Paxman also writes of St. Mary’s Hospital in Sidcup, where certain benches on the hospital ground were painted blue, to designate their use by convalescing soldiers. That way, others could avoid having to witness their terrible injuries.
Amongst this horror, there were glimmers of humanity. The study of the effects of “shell shock”, or what we would now call PTSD came into its own. Poets Wilfred Owen and Siegfried Sassoon were treated in the auxiliary hospital at Craiglockhart, just outside Edinburgh – “Dottyville”, as Sassoon called it. The building is still standing.
There, psychiatrist Dr William Rivers developed the techniques that became the basis of British psychiatry. The story of Craiglockhart, and how it treated shell shocked casualties after the battle of the Somme is brilliantly described in Pat Barker’s “Regeneration” trilogy: a great read. With the last book of the trilogy, The Ghost Road, she justly won the Booker Prize.
It has to be said though, that the benefits of such treatments were for officers. The common Tommy wasn’t so lucky. The majority of military doctors at the front had little sympathy for shell-shocked troops, and the treatment of soldiers seen as “shirkers” was harsh. It was hard for a traumatised returner to get any help, and many sufferers were left neglected in mental institutions for years after the end of the war.
A more heartening story, strange to say, is how plastic surgery developed during the conflict. Until the first world war, most injuries had been due to sword or gunshot wounds. Now, more horrific injuries surfaced, due to shell and shrapnel injuries. Pioneering surgeons started repairing and re-shaping horrific injuries, and developing the world-leading techniques we see today. In the forefront of this activity was Harold Gillies, a New Zealander who’s early techniques led the way, and who practiced … at St. Mary’s in Sidcup, where his patients would occupy the blue-painted benches.
For King and Empire
It wasn’t only British soldiers who fought on the western front. Over three million soldiers from the wider British Empire also took part in the conflict. When they were wounded, they were shipped back to Britain, to hospitals specific to their own regiments. There were many such hospitals along the south coast of England, close to the dis-embarkation ports.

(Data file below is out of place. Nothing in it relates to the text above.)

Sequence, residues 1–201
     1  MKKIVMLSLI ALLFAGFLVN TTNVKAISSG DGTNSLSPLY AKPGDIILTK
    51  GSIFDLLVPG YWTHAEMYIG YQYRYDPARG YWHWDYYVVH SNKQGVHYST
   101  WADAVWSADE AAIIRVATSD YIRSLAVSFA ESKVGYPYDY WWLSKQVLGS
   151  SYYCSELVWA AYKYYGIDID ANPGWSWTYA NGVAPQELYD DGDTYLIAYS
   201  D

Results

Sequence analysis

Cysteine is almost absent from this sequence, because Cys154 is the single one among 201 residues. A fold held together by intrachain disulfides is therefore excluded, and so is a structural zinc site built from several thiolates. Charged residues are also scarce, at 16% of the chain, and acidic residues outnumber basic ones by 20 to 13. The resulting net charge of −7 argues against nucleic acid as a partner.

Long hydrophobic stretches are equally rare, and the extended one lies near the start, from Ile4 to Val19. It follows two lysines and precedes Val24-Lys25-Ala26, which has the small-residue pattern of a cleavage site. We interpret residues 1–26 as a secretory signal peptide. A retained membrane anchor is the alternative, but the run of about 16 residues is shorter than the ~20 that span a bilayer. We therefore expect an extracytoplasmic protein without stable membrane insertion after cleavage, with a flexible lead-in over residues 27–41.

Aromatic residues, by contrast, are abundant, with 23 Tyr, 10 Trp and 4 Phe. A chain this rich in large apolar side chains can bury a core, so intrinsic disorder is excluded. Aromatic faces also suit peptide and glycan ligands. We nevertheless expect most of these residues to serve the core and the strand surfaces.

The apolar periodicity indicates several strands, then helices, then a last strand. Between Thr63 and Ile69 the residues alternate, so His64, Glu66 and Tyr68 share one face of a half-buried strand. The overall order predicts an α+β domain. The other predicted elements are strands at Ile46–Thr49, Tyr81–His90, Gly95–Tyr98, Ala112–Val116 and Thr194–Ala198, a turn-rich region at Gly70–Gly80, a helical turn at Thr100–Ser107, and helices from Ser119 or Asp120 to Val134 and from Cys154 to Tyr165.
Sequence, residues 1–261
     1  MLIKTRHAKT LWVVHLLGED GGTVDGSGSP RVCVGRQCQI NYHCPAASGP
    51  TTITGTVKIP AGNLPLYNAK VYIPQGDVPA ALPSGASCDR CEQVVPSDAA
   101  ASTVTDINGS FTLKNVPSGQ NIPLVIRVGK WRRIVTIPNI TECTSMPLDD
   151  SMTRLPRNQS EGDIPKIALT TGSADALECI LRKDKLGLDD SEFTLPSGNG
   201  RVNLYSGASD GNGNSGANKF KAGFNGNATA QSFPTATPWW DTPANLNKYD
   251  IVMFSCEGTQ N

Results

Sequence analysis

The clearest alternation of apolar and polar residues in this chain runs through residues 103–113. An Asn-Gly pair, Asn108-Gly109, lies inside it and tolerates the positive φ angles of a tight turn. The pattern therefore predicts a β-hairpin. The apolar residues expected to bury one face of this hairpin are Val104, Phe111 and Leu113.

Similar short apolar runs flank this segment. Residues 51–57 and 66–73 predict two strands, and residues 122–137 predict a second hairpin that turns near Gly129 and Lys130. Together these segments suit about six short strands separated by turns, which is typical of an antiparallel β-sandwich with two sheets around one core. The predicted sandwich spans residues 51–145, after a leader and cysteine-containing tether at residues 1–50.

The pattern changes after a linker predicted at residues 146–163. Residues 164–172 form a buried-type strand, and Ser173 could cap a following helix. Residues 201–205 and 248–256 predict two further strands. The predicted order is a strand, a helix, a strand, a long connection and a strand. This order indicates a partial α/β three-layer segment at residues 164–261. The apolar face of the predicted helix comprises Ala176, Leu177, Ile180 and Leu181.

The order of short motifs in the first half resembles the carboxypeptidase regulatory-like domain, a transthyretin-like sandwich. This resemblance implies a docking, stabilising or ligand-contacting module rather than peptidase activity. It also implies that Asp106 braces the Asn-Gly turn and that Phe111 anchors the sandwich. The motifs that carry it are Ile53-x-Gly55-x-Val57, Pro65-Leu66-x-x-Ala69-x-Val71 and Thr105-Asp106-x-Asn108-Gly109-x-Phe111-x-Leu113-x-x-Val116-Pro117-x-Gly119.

Wounded soldiers from the Indian regiments were treated at hospitals in Brighton, including one set up in the Royal Pavilion. Since cremation was required by both the Sikh and Hindu religions, soldiers who died in these hospitals were cremated above Brighton, on the South Downs. The massive contribution of the Indian regiments to the war effort is commemorated at the same spot – the Chattri Memorial. You can still visit it today.
And to end, it’s interesting to research what happened to the Prisoners of War, who were mostly civilians arrested as “enemy aliens”. At the outbreak of war, many German and Austrian shopkeepers and other workers, who had lived peacefully for years in Britain, found their shops and homes attacked, in misplaced patriotic fervour. Male adults went off to POW camps for the duration of the war.
Later, fighting prisoners taken in the course of the conflict were shipped back to Britain and interred. The main camps used for POWs were Wakefield in Yorkshire and “Ally Pally” – Alexandra Palace – in London, as well as a large camp on the Isle of Man. But several stately homes were also requisitioned, such as Donington Hall in Leicestershire, and were used to hold enemy officers.
It’s true to say that the rations for enemy officers were generous, and there was no requirement to do any manual labour. At Donington for instance, there was a menu each day and an apparently good wine list. No wonder some civilians complained that the accommodation for enemy POWs was too luxurious!
The Great Escape
Donington was also the site of the only successful escape by a German POW on British soil. Gunther Pluschow climbed over two 9-foot barbed wire fences, walked to Derby station, caught the train to London, made his way to Tilbury docks disguised as a docker, then stowed away in the lifeboat of a steamer sailing to neutral Holland. He managed to fool a Dutch policeman that he was not German, then made his way back to Germany. He was awarded the Iron Cross.
As a quick aside, are any readers fans of Zoom Pilates classes? (They’ve been a godsend to me in lockdown). They were developed by Joseph Pilates – who was a POW on the Isle of Man during the Great War. He developed his exercises to counter the boredom and lethargy felt by fellow German officers with nothing much to do.
A sad death on the pier
Other German officers and “enemy aliens” were held on three warships, tethered to Southend Pier, of all places. Conditions were quite lenient, and the first Christmas in 1914 many boxes of Christmas decorations, beer, fruit, tobacco and cigars arrived from Germany. Along with several Christmas trees. It wasn’t like that in The Great Escape!
But, I was genuinely sad to read of the death in 1915 of Lt Johann Meiser, who died from ptomaine poisoning, aboard one of the Southend prison ships. According to the German doctor in attendance, it was probably caused by eating a German sausage which had deteriorated during its long journey across Europe to Southend. Lt. Meiser was buried with full military honours at the Roman Catholic church in Southend.
Hiding in plain sight
Once I started looking, it was so easy to find evidence all around us for the Great War. After all, one hundred years is only the blink of an eye in historical terms. In fact, my problem was having too much material to include. (So, they’ll be another post some time soon, about Great War casualties on home soil – through bombings and raids and explosions – more than you’d expect).
But in the meantime, I’d start looking in the attic for your grandparents’ old letters and photographs and artefacts. There’s only a small window before old memories start to fade. So, ask your old loved-ones now of what they remember from their parents and grandparents. And write it down. Your grandchildren – and some future historian – will be glad that you did. And perhaps share them here, I’d love to hear your histories. Pass it on !